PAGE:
RIB revenue up 42% so far in 2020

RIB software logoStuttgart, Germany-based RIB Software has been expanding its international footprint in the architecture, engineering and construction Software-as-a-Service space in recent years; Australia’s Projectcentre and Denmark’s Docia were among the group’s early SaaS acquisitions, and it has accelerated its M&A activities in recent years. Now 2,700-strong, it has enjoyed a strong first half of 2020 despite the global economic  impacts of the COVID-19 pandemic. Following a strong 2019 (RIB Software grew 57%…), the company has grown revenue 42.6% to €131.9 million (c. £119.3m or US$156.9m) from €92.5m in the first half of 2019. EBITDA more than doubled: up 117% from €21.5 million to €46.7m (c. £42.2m or US$55.5m).

Schneider Electric takeover completed

Schneider Electric logoIn February 2020, French multinational Schneider Electric (a specialist in electrical equipment and ‘Internet of Things’ and  owner of the UK’s AVEVA software group) made a €1.4bn bid for RIB Software (post). This was commended to shareholders by RIB’s management and the majority of shareholders approved the takeover by the April 2020 deadline. On 10 July 2020, Schneider Electric announced the successful completion of its offer for all outstanding shares in RIB Software. RIB says all closing conditions have been fulfilled in the meantime, including CFIUS approval (received on 2 July 2020).

RIB Software 2020 outlook

RIB’s half-year announcement confirms that, due to COVID-19 uncertainties, the previously acquisitive company has limited its M&A activities (in June 2020, it announced it had bought a controlling stake in a Chinese technology developer, Bochaosoft, a 350-strong China-based electric power and engineering BIM design software company). This slowdown will impact on planned revenue and EBITDA contributions from its deal pipeline. As previously announced, RIB is focusing on expansion of its iMTWO segment, while looking to sell its xYTWO e-commerce business. The company’s guidance for 2020 envisages revenues of between €240 million and €270 million (c. £217-244m or US$285m-321m) – up from 2019’s €214m – and an operating EBITDA of between €55 million and €75 million (c. £50m-68m or US$65m-89m) – compared to 2019’s €51.2m.

Permanent link to this article: http://extranetevolution.com/2020/08/rib-revenue-growth/

Autodesk criticised by 35 named architects

Architectural unrest about Autodesk and its support for the industry’s design businesses is growing. Discontent has been simmering for a decade or more, and has led to calls for EU action.

autodesk logoThe recent open letter to Autodesk from 17 named members of a 25-strong group of leading architects (28 July 2020: Design firms demand change at Autodesk) has been supported by more firms. They extend the geographical reach of those prepared to publicly criticise the US AEC software vendor over its support for architectural design businesses – many of them heavily reliant upon Autodesk’s Revit design software. An additional 18 practices now stand alongside the original letter’s signatories, bringing the total to 35. A further 10 practices are supportive, but have not gone public. In total, more than 50 firms have therefore backed the group’s grievances.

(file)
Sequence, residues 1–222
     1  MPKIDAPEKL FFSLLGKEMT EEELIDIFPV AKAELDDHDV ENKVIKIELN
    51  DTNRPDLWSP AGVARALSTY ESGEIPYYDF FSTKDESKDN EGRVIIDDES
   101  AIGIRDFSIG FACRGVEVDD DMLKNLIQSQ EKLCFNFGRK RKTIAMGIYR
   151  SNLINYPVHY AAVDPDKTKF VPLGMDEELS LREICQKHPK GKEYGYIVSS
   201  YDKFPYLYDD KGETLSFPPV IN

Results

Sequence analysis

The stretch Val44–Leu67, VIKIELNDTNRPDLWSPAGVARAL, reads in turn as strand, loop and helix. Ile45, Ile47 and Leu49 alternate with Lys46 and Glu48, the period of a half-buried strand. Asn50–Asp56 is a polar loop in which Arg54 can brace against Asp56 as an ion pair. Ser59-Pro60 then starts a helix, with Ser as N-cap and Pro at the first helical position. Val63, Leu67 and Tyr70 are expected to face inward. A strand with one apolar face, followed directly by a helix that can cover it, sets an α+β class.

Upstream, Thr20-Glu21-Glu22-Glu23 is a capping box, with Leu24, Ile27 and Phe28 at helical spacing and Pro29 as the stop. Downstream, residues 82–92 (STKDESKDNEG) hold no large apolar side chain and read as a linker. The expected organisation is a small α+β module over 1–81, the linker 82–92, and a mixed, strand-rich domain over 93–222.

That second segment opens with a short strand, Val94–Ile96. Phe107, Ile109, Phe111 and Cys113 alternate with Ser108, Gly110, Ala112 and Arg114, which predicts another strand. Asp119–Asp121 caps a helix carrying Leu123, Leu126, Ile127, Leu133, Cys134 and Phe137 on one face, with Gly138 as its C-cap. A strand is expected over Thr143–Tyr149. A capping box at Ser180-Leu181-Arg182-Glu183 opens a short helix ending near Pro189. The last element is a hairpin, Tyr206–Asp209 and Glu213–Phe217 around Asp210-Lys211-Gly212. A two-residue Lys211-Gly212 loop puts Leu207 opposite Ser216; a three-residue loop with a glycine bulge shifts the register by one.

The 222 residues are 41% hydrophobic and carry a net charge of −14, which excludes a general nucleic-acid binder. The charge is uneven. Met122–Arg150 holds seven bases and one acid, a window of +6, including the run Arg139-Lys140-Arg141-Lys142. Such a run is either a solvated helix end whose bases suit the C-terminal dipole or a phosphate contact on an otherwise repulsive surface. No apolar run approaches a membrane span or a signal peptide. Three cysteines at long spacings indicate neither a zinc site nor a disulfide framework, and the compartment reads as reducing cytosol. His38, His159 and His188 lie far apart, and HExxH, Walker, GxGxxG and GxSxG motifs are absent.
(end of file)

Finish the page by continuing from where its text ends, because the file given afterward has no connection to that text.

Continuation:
Autodesk Revit_2014_brandingThe new signatories are: BC Architects and SAOTA (both from South Africa); Cooper Carry, Portman Architects, Idesign-solutions, Studio 3 Architecture, Goody Clancy, SGA, Bohlin, Cywinski, Jackson, and Workshop Collaborative (all from the US), Atelier Tisso (France), CGL, Shepheard Epstein Hunter, and PDPLondon (all from the UK); Vibes (Netherlands); MIZA (Canada); Oslo works (Norway); and Mochly-Eldar Architects (Israel).

It is clear that Iain Godwin has tapped into a growing sense of unease, though, to be fair, rumblings of discontent have been heard many times over the past decade or so from a variety of software commentators and end-users. For example:

Concerns about some software vendors’ monopolistic positions have also been raised internationally by industry organisations, including the European Construction Industry Federation (FIEC).

FIEC position paper

FIEC logoOn 24 February 2020, the FIEC published a position paper on the relationship between users and software companies/ editors/ service providers (download). No vendors are named, but, from the similarity of the claims, Autodesk is clearly one of the software providers that FIEC is sufficiently concerned about to urge the European Commission to review competition and data management regulations. Its paper discusses challenges and makes recommendations under four headings:

  1. The dominant position of a few software companies/editors/providers raises major concerns. – The FIEC urges the European Commission to target competition issues relating to software user contracts
  2. The non-EU origin of these suppliers and their infrastructure is exacerbating the lack of autonomy in software capability in the EU. – The FIEC says EU software users should be allowed to decide where their data is stored (“EU companies should be able to have their data hosted on EU territory, by EU servers/companies, under EU legislation”), calls for the creation of a secure European Cloud, and says software services “should be required to meet EU standards for interoperability and open access”.
  3. Contracting authorities must remain software-neutral and promote open standards. – The FIEC calls for enforcement of EU public procurement rules, and urges promotion of open standards for data, protocols and file formats in public procurement.
  4. Rules need to be established for multiple-user-access platforms such as BIM models. – Similarly, the FIEC urges EU measures aimed at protecting the data owner while ensuring appropriate data access rights for other users.